Lately, the Congress appears to be buying time in getting consensus from the parties of the Left Alliance to deal with the issue. On the other hand, the two communist parties are of the view that the government must announce the name of the capitals and provincial chiefs, because the task to name the provincial capitals and the appointment of chiefs was the sole responsibility of the government.

 

It seems that the communist parties do not want to share the responsibility of designating the provincial capitals and of appointing the governors. A few days ago, CPN-Maoist Centre ministers had resigned en masse. These ministers were earlier turned the ministers without portfolio by the Prime Minister Deuba after the ruling coalition partner their party had forged alliance with the CPN-UML to contest the parliamentary and provincial assembly elections jointly. Even after they lost their ministerial portfolios, they remained in the government for about four months citing that they remained in the government to ensure that the two phase elections. Now, all of sudden they have resigned, which compelled the government spokesperson to blame them that these ministers have resigned as they do not want to share the responsibility with the present cabinet for designating the capitals and appointing the chiefs.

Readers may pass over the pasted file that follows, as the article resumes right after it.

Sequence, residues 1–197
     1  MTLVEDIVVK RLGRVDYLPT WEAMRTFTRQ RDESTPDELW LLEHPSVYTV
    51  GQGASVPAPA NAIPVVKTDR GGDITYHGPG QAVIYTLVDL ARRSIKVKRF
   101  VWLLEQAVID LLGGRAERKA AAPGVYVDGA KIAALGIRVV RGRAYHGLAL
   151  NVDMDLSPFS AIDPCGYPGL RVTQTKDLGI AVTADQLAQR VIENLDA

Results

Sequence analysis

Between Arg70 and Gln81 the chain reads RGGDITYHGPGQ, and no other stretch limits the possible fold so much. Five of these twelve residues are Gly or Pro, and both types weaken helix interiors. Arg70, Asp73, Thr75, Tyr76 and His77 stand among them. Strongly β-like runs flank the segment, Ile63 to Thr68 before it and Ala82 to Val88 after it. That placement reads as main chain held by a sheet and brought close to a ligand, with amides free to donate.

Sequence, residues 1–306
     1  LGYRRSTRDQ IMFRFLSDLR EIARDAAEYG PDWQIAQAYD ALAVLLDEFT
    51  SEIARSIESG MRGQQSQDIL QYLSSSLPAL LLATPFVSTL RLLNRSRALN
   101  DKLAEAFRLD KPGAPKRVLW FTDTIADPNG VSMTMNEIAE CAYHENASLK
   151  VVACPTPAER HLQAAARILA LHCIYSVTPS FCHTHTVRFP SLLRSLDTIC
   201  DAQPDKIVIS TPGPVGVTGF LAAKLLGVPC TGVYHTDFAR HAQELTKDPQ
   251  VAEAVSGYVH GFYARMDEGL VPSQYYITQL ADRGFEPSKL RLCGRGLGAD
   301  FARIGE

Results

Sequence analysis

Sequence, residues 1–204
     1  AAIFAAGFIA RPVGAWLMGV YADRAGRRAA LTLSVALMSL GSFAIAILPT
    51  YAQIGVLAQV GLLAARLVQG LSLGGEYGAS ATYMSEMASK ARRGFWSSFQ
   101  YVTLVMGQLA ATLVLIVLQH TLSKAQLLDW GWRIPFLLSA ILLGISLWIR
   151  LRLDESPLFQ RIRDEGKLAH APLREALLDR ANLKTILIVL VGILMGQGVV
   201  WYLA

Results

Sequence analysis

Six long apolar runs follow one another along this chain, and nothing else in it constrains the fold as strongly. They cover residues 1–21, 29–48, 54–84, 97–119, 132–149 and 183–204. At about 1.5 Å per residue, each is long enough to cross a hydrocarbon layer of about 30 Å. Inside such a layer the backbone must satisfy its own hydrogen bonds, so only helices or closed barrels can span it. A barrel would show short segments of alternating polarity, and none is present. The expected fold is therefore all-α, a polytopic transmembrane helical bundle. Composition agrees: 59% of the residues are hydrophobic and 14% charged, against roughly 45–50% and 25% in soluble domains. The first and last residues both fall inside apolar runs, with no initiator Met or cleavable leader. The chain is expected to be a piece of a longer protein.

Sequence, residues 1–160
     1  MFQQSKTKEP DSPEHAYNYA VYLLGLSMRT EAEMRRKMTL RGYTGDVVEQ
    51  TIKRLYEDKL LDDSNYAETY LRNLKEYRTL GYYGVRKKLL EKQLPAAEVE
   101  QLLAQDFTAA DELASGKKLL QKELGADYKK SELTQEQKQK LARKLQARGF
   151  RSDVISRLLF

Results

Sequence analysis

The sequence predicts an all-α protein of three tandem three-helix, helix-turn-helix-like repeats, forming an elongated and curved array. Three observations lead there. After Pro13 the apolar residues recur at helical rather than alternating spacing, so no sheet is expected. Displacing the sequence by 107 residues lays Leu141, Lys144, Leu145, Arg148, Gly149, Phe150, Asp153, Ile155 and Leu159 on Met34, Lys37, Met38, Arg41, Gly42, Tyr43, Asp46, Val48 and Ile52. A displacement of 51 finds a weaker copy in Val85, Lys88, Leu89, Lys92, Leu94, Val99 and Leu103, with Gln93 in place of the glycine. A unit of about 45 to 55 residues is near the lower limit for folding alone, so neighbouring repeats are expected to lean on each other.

If the government spokesperson's accusation has some rationale in it, then it makes one thing clear- no party at present want to share the "burden" of naming the capitals of the provinces by going against the desire and demand of the locals and their own leaders who represent their respective parties from these provinces. The pressure on the parties appears to be tremendous, which has discouraged them in naming the capitals on their own.